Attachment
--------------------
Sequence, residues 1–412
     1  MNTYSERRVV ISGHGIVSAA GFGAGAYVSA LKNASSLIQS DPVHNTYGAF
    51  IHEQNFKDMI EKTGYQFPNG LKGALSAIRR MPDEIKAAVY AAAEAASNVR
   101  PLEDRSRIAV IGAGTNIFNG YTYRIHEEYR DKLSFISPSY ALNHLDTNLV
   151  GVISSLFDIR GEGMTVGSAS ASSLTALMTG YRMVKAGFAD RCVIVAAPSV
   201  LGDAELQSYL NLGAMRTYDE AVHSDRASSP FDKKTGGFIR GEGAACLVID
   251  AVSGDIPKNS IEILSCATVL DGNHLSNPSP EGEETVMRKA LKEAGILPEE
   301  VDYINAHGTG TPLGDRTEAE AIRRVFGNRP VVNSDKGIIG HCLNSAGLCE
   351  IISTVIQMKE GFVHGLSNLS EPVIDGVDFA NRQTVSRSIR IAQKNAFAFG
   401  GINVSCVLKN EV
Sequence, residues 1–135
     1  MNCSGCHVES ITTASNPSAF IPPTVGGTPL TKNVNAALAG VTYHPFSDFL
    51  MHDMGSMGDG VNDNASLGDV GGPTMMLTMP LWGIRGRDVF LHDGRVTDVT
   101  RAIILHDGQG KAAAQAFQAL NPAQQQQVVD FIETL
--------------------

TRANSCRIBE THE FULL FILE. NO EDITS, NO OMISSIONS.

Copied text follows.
Sequence, residues 1–412
     1  MNTYSERRVV ISGHGIVSAA GFGAGAYVSA LKNASSLIQS DPVHNTYGAF
    51  IHEQNFKDMI EKTGYQFPNG LKGALSAIRR MPDEIKAAVY AAAEAASNVR
   101  PLEDRSRIAV IGAGTNIFNG YTYRIHEEYR DKLSFISPSY ALNHLDTNLV
   151  GVISSLFDIR GEGMTVGSAS ASSLTALMTG YRMVKAGFAD RCVIVAAPSV
   201  LGDAELQSYL NLGAMRTYDE AVHSDRASSP FDKKTGGFIR GEGAACLVID
   251  AVSGDIPKNS IEILSCATVL DGNHLSNPSP EGEETVMRKA LKEAGILPEE
   301  VDYINAHGTG TPLGDRTEAE AIRRVFGNRP VVNSDKGIIG HCLNSAGLCE
   351  IISTVIQMKE GFVHGLSNLS EPVIDGVDFA NRQTVSRSIR IAQKNAFAFG
   401  GINVSCVLKN EV
Sequence, residues 1–135
     1  MNCSGCHVES ITTASNPSAF IPPTVGGTPL TKNVNAALAG VTYHPFSDFL
    51  MHDMGSMGDG VNDNASLGDV GGPTMMLTMP LWGIRGRDVF LHDGRVTDVT
   101  RAIILHDGQG KAAAQAFQAL NPAQQQQVVD FIETL